Once I asked a group of first year medical students “what is plastic surgery”. Not surprisingly many answered that it was removing skin from a part of body and putting it elsewhere. This is what a lot of patients believe- that their face can be improved by putting new skin from their thighs.

Skin grafting is often considered synonymous with plastic surgery. This is a misconception which is slightly more educated than the older version when plastic surgery was thought to involve putting plastic in the body. Skin grafting and using synthetic materials like silicon (not plastic) to enhance the body are certainly the techniques used by plastic surgeons, but only occasionally. That is not what plastic surgery is all about.

Let me first explain how the skin grafting is done and why. Skin grafting is done when there is a large area where the skin is lost- because of burns or accidents. Skin from another part of the body (like thighs) can be used to cover the raw area to allow it to heal. The donor area is usually a hidden part like thighs, hips. Only a thin superficial layer of skin is removed from the donor area. The remaining skin of thigh grows back from its roots (sweat and oil glands) and heals in less than 2 weeks time. It’s like taking cuttings from plants to grow more plants. This is called partial-thickness skin grafting or simply skin grafting. Skin grafting is also done when a tumor or large mole is removed and there is a large gap. This can be covered with a skin graft.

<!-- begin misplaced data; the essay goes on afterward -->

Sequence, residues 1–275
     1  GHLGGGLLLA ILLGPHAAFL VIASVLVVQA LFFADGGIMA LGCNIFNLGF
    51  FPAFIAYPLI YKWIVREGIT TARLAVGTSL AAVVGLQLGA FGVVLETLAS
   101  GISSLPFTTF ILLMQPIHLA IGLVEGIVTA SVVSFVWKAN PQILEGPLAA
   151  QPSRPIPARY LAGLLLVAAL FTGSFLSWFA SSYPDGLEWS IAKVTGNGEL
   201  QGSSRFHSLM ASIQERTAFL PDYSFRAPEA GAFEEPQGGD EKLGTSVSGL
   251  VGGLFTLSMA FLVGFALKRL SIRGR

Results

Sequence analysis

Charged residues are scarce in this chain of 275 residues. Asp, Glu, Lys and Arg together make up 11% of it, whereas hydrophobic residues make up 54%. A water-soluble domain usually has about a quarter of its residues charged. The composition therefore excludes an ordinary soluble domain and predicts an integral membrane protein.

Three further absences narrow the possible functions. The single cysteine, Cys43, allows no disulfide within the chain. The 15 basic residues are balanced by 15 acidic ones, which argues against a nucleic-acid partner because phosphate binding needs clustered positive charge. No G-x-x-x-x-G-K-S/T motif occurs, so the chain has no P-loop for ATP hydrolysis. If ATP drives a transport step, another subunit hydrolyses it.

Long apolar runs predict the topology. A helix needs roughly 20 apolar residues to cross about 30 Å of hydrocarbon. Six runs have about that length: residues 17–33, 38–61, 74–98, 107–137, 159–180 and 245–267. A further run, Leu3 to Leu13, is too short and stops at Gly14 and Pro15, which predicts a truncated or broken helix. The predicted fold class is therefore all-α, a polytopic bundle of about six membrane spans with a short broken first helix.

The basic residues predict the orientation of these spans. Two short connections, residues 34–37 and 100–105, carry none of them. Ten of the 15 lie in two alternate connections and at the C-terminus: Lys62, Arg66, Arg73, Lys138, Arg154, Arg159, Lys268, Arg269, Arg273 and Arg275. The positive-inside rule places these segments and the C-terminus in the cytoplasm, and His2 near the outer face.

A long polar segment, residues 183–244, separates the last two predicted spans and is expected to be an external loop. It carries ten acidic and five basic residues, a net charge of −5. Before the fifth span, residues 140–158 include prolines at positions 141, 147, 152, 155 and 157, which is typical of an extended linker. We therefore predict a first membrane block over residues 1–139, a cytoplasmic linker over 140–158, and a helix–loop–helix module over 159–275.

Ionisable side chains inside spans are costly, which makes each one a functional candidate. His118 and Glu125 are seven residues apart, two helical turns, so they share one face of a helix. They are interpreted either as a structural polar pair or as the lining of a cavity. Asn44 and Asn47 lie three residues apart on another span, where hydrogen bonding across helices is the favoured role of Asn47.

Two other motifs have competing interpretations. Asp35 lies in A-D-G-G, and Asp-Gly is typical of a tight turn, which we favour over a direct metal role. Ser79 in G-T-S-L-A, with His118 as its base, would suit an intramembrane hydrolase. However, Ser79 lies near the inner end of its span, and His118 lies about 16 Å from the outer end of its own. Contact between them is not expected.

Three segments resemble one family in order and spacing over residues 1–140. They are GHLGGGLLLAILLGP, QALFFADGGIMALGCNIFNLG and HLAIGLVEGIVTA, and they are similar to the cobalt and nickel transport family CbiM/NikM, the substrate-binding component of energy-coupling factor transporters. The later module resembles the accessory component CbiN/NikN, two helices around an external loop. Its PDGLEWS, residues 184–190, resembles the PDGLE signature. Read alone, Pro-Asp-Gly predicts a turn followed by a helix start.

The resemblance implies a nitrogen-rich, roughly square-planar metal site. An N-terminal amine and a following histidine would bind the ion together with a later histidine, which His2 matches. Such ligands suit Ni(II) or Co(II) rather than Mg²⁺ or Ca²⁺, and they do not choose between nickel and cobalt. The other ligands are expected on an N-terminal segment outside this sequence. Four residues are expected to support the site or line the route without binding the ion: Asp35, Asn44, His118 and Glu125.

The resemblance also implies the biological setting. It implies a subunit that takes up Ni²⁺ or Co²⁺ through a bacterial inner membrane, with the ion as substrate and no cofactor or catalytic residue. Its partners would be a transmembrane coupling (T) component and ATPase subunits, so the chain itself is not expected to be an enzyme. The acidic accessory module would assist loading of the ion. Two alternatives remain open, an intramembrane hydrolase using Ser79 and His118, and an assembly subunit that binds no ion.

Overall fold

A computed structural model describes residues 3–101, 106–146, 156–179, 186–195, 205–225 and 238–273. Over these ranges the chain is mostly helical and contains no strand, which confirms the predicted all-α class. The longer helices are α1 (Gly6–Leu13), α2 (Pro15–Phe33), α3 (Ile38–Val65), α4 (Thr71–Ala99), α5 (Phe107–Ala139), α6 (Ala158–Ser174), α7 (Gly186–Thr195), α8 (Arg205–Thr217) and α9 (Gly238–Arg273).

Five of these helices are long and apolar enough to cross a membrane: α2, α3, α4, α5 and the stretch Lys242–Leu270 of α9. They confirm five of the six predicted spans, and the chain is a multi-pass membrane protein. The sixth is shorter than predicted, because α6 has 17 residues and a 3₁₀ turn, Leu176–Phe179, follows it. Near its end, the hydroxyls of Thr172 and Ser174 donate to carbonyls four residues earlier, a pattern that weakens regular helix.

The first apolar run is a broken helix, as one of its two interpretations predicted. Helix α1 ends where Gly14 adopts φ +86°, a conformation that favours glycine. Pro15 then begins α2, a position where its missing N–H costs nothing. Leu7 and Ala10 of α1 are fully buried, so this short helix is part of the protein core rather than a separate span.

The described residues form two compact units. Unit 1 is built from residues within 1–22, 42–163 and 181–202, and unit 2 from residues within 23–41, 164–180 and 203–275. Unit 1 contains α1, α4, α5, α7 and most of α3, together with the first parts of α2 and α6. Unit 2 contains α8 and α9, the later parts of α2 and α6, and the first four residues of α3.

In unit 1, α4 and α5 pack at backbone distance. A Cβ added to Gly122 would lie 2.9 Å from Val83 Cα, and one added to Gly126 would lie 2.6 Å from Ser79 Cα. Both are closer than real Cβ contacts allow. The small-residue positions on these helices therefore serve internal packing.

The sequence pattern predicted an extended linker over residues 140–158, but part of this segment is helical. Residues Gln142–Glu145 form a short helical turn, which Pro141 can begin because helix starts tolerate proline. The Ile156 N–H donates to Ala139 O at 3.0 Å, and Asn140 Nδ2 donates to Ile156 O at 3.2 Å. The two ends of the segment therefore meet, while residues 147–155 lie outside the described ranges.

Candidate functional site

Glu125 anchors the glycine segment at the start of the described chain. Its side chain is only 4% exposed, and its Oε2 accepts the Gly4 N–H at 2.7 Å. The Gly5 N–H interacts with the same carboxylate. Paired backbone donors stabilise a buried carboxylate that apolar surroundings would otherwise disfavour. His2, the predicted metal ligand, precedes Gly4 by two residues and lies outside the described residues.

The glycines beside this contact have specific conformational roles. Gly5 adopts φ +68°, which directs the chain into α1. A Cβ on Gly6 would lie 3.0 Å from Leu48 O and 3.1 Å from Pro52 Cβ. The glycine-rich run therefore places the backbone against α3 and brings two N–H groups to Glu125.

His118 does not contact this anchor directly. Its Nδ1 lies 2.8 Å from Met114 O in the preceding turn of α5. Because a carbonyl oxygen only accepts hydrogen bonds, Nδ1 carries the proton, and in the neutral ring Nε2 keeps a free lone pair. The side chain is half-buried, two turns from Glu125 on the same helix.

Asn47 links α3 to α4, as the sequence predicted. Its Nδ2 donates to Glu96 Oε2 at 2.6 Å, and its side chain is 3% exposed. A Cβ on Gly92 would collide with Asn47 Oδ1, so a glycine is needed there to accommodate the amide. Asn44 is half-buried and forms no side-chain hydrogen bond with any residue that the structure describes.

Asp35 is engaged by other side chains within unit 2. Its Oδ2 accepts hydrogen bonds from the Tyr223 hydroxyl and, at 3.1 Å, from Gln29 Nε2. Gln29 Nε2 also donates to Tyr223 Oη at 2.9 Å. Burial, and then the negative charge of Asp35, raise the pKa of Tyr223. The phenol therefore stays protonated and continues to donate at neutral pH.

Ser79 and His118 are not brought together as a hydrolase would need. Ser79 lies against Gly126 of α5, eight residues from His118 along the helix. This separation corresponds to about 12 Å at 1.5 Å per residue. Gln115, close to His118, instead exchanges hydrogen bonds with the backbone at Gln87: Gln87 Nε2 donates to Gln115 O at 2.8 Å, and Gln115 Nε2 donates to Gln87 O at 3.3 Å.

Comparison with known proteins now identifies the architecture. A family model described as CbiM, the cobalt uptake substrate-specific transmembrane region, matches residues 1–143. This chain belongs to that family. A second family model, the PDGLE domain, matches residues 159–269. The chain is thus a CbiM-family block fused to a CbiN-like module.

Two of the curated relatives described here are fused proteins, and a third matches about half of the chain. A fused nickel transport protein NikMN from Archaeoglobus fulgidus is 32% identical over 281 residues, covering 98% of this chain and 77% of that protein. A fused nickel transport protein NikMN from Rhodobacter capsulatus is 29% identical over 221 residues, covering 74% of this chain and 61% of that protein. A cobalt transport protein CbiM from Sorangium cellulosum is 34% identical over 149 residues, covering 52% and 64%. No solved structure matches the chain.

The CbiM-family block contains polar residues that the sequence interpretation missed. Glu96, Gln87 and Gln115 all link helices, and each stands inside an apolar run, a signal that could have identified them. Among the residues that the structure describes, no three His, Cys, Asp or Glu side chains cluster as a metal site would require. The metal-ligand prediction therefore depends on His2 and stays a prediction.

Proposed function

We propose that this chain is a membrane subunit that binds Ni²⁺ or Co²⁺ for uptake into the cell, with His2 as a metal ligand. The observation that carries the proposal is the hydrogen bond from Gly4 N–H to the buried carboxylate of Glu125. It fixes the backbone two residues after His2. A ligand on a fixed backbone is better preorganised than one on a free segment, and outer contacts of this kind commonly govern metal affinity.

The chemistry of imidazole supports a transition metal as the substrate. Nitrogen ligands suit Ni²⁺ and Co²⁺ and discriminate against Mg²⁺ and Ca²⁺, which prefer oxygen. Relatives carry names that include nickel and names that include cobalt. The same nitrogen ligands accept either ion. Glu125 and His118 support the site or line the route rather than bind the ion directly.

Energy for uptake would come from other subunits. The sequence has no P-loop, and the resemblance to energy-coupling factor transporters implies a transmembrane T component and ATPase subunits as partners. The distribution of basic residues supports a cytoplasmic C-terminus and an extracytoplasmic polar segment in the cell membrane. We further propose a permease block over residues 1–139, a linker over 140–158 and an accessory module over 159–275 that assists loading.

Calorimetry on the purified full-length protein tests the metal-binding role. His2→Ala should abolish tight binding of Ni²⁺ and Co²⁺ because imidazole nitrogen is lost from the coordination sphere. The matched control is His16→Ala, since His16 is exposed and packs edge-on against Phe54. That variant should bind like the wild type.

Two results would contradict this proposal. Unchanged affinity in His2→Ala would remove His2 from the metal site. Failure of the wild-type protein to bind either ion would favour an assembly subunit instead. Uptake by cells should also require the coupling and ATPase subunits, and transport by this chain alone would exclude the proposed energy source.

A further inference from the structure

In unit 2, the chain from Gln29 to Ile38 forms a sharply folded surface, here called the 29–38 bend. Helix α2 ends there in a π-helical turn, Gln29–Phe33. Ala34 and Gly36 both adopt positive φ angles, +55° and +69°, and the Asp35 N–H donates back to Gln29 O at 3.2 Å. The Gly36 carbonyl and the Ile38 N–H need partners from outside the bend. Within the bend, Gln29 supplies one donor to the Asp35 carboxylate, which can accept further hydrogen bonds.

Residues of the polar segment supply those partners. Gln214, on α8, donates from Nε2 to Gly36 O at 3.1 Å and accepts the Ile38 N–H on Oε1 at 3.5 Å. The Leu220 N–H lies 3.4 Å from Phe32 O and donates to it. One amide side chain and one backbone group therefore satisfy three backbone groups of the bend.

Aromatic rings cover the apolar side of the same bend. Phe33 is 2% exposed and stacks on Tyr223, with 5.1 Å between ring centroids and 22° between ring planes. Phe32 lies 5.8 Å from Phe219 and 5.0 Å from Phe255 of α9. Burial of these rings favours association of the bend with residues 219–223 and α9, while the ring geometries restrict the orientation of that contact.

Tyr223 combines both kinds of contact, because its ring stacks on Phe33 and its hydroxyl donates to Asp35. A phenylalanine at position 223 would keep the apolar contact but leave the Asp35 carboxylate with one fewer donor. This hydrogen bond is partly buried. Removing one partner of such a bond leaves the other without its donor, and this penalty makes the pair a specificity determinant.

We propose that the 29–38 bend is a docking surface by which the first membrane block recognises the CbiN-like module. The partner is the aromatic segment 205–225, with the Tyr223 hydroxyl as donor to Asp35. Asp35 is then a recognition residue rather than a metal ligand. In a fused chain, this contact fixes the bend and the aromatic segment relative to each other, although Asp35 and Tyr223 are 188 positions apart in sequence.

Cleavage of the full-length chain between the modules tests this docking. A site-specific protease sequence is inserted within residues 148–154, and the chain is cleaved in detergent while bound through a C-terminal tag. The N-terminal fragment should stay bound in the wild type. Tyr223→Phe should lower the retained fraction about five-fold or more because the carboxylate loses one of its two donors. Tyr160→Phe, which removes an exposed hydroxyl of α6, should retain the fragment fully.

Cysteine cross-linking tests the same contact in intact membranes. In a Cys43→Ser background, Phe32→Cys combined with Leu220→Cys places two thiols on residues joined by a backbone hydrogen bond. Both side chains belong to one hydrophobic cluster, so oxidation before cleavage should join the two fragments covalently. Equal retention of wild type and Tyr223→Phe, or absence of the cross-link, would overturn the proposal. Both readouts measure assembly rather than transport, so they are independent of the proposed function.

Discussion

Skin grafting is used extensively by plastic surgeons when dealing with burns, trauma, and cancers. Skin grafting is a lifesaving surgery in major burns. After accidents, it allows the wound to heal fast, and the person can go back to work. But skin grafting to improve a person’s skin or for removing scars is another story – with a not-so-happy ending!

Skin grafting is not a good tool for cosmetic plastic surgery because skin from another part of body will never match. After grafting the grafted skin tends to become darker than surrounding skin and has a different texture. This mismatch improves with time and care but never completely goes. So there is a good chance of a patchwork look. To overcome this full thickness skin graft from certain areas of body is used. Matching with full thickness graft is better than partial thickness graft- but still it is never a total match.

Whenever a mole, scar or a tattoo is removed from any part of body stitching the cut ends together with a line like scar, gives the best cosmetic result. Skin grafting can never match this and, therefore, it is done only as a last resort. True skills of the plastic surgeon lies in the ability to close the gap without using graft. Common situations where patient comes asking for grafting are: